Metal plumbing pipes don't always age well. Over time, the threads on your pipe may suffer from rust, corrosion, or mineral buildup, all of which can make unscrewing a threaded pipe extremely difficult. Fortunately, there are a couple of tricks you can try to loosen the pipe before you call in a plumber.
How to Unscrew Rusty Pipes With Wrenches
Sometimes, all you need to loosen a pipe is a little more leverage. To get it, you can try applying two wrenches or pairs of pliers to the pipes and giving them a twist. Sliding the handle of a wrench into a metal breaker bar can provide some extra power if you need it.
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- Turn off the water and drain the pipes.
- Squeeze a pair of pliers or adjustable wrenches onto the pipe, placing one on each side of the joint. Keep your tools as close to the joint as possible.
- Hold one of the wrenches still while you twist the other one to unscrew it. If that fails, you can try turning both wrenches in opposite directions at the same time.
- Remove your wrenches or pliers and then tap the stuck plumbing joint with a rubber mallet. This will sometimes loosen the corrosion.
- Reapply your wrenches and try again after giving the plumbing a few taps with the mallet.
- Spray the plumbing liberally with a penetrating oil, like Liquid Wrench.
- Allow the pipe to soak for a few minutes and then grab your wrenches and try again.
How to Unscrew Rusty Pipes With Heat
Applying a bit of heat to stubborn pipes can help loosen corrosion and soften any plumber's dope that might be holding things together. When doing this, work with extreme caution. If you're applying heat after trying a penetrating lubricant, thoroughly remove the lubricant before proceeding, as many penetrating oils are flammable.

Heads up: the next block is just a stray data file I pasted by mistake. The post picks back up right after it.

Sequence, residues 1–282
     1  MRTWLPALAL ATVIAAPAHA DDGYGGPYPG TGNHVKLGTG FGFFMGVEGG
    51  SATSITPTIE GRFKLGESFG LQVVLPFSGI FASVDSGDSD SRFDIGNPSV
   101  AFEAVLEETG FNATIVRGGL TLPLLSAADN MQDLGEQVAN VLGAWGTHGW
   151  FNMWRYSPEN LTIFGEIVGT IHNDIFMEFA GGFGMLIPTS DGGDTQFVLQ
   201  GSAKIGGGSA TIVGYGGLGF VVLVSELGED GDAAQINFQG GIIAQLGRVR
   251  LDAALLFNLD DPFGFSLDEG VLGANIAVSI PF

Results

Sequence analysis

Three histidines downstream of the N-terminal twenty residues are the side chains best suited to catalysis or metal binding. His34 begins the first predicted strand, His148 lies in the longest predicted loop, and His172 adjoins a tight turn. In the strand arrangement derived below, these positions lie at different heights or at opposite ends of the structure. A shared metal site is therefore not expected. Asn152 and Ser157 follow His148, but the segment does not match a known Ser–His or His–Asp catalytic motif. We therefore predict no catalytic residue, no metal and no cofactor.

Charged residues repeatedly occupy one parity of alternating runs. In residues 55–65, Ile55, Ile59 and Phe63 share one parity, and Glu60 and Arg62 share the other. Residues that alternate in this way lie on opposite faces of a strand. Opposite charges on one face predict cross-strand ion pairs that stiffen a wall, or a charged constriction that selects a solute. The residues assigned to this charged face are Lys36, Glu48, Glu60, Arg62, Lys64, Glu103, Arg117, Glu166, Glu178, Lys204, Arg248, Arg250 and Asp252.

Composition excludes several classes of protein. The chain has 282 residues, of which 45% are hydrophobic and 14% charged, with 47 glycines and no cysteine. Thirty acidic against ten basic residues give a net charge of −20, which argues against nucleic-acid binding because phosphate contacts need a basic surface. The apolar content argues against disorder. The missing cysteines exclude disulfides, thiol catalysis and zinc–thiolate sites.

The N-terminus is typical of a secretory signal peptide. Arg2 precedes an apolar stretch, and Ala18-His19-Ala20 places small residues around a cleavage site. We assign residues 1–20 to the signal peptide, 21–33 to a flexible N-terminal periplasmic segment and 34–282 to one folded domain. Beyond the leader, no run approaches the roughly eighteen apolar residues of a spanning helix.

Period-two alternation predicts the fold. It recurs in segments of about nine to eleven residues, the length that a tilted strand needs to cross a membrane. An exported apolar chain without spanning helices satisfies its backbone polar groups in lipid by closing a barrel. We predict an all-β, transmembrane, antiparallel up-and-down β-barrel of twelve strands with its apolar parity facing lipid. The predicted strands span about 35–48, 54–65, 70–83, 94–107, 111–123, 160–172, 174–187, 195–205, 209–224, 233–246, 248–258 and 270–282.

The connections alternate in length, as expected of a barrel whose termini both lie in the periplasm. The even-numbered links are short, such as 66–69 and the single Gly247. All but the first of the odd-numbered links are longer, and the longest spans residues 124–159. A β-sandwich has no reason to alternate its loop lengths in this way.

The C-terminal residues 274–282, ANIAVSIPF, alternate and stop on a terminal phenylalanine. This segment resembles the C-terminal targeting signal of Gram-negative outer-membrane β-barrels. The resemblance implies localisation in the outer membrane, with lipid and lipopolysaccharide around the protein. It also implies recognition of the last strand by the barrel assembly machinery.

- Turn off the water and clear as much water from the pipes as possible.
- Clean away any penetrating lubricants on your pipes if you tried using them before busting out the torch.
- Use a small propane torch, heat gun, or hair dryer to warm the pipe. Focus on the edge of the pipe, applying uniform heat all around the joint. Continue only until the pipe is just hot. You don't need it glowing cherry red.
- Apply an adjustable wrench to each side of the joint and twist them in opposite directions. You may need to repeat this process several times.
How to Remove Rusty Pipes
If your attempts at loosening the rusty pipe have failed so far, you have a choice to make. You can call a plumber or cut the fused pipes apart and replace them yourself. Fortunately, a SharkBite connector can help you easily put your plumbing pipes back together if you opt for a little plumbing adventure.
- Turn off the water and drain your pipes.
- Cut out the stubborn section of pipe with a pipe cutter. Don't go at the pipes with a hacksaw, as these leave a jagged edge that can damage your SharkBite and cause a leak.
- Deburr the cut ends of the old pipe and the ends of the new pipe or connector you're installing. Wipe down each pipe end with a cloth after deburring to remove any debris.
- Measure and mark the depth so you know how far onto the pipe to push your connector. You can do this with a SharkBite tool or by using the depth chart on its website.
- Push the SharkBite onto the end of the new pipe and then onto the cut end of the old pipe.
- Turn the water back on and check your plumbing repair for leaks.